Whether your window screens keep bugs and debris out or simply inhibit your view, they can get pretty grimy over time. Cleaning them is an easy DIY project that doesn’t require much in terms of tools or elbow grease.

Start by removing the screens from their window frames. Make sure you label each screen with a piece of tape to avoid mixing them up when re-installing them. Read this first!

Window Cleaner

Dirt, dust, and other contaminants can build up on windowsills, lowering indoor air quality and causing health problems over time. A window cleaning helps to clear the air in your property and increase its freshness.

Regular window cleaning also helps to keep the glass and frames in good condition. Professional teams are trained to spot small issues, like cracked frames or shattered glass, and fix them before they become bigger problems.

A clean window makes a great first impression on visitors and potential customers. Businesses, especially retail stores, should schedule cleanings at least once a month. For homeowners, a clean window provides added curb appeal and can help to increase the final selling price of your home.


Vacuuming is a great way to remove fine dust, pollen, and spider webs from window screens without damaging them. Use a brush attachment and work on each side of the screen to get the job done.

Before you begin scrubbing your window screens, make sure to spread a tarp or drop cloth to protect the floor and carpet in your home. It is also a good idea to wear rubber gloves for this step as well, as some cleaners are harsh on the skin.

Mix warm water with a small amount of nonabrasive cleaner (like a gentle dishwashing liquid) and apply it to your lint-free microfiber cloth. Scrub each screen thoroughly and rinse with a hose at the lowest pressure setting.


Paper towels and rags can leave streaks and require frequent washing, while a quality squeegee is easy to use and leaves windows clean without drips. Try a squeegee with a telescoping pole that rotates and extends more than five feet for the hard-to-reach areas.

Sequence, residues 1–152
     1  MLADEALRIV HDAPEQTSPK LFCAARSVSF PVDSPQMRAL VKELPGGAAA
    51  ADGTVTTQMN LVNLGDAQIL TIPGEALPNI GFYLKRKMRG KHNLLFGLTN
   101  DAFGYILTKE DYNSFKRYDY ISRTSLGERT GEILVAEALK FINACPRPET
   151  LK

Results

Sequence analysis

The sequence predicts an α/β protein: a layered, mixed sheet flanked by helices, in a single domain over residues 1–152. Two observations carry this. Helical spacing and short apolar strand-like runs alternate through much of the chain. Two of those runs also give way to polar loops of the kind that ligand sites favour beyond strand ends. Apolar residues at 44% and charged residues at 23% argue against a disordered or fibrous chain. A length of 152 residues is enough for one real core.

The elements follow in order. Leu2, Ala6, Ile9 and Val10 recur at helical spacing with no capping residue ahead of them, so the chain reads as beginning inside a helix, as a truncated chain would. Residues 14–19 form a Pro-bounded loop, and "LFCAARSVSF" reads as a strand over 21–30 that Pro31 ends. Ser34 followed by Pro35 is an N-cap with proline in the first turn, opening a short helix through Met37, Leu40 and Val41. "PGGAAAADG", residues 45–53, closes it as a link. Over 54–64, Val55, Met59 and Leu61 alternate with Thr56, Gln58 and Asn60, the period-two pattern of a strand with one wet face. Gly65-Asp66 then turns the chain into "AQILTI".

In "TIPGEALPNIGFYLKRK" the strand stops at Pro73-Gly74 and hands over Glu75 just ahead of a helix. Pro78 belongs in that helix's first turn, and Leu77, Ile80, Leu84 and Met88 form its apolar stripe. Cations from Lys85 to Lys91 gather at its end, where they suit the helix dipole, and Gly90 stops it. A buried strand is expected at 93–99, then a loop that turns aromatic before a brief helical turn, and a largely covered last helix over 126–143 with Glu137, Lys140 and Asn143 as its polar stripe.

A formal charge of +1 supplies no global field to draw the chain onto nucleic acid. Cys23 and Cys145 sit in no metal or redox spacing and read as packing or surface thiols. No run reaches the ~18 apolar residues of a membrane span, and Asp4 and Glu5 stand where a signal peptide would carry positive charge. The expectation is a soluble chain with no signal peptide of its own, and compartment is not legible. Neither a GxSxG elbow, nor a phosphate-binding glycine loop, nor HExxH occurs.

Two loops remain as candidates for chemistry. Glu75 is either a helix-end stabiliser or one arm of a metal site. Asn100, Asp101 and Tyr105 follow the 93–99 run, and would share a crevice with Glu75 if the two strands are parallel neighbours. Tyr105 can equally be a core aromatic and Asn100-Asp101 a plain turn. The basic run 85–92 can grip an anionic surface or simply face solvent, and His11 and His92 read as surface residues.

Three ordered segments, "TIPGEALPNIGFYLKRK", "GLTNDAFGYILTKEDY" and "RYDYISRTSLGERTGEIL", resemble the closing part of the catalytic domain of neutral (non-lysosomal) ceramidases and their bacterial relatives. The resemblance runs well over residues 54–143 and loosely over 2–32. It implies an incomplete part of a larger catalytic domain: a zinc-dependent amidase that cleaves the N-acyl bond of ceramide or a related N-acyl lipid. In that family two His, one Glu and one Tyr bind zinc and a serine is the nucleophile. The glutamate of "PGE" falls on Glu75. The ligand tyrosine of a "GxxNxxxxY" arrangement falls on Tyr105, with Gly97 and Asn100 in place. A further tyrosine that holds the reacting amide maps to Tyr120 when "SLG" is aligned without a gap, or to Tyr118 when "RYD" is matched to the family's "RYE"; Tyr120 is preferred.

The squeegee’s rubber blade should be dry between each stroke to prevent streaking. If the blade has a dried cleaning solution on it, wipe it with a microfiber cloth to remove the water.

Experts recommend using a method called fanning, in which the squeegee is moved back and forth across the window to avoid water or cleaning solution getting under the edge of the rubber blade. This requires practice, but it produces better results than a basic straight-down column-stroke method.

Microfiber Cloth

Using a microfiber cloth is an excellent choice for cleaning window screens. These are specially made to be lint-free, so you don’t risk spreading dirt around. You can find these cloths at most home improvement stores.

You should sweep up the dust and dirt before you get started. Doing so will prevent the gunk from mixing with the cleaner and turning into a muddy mess that is impossible to wipe away.

You will also want to use a sponge or rag dipped in the cleaning solution. Be sure to wring it out, as you don’t want it to drip on the screen or frame.

Baking Soda

Baking soda isn’t just for baking cakes, it also has many household uses, including cleaning. Its abrasive nature makes it ideal for removing dirt and stains without scratching the glass.

It can be used alone or paired with vinegar to create a more powerful solution for a grimier job. To use this potent duo, mix equal parts white distilled vinegar and water in a spray bottle and apply generously.

Spray a small amount of baking soda over the windows and let it react with the vinegar. The resulting fizz removes tough stains from uPVC window frames, wooden sills, and vinyl or fiberglass windows.


Vinegar is a natural substance that has many uses around the home. It is inexpensive and eco-friendly, yet it is also very effective. When used for window cleaning, vinegar eliminates mineral deposits and leaves a streak-free finish.

Vinegar contains acetic acid, which gives it its pungent odor and kills bacteria. For window cleaning, it works best when diluted with water and is sprayed on the glass. Then, wipe the solution off using a microfiber cloth or paper towel. Be careful not to spray the window frame or squeegee, as these surfaces could be damaged by acid.

Always apply the vinegar solution on a cloudy day, as sunlight causes it to dry too quickly and leave streaks. Click here for the next blog post.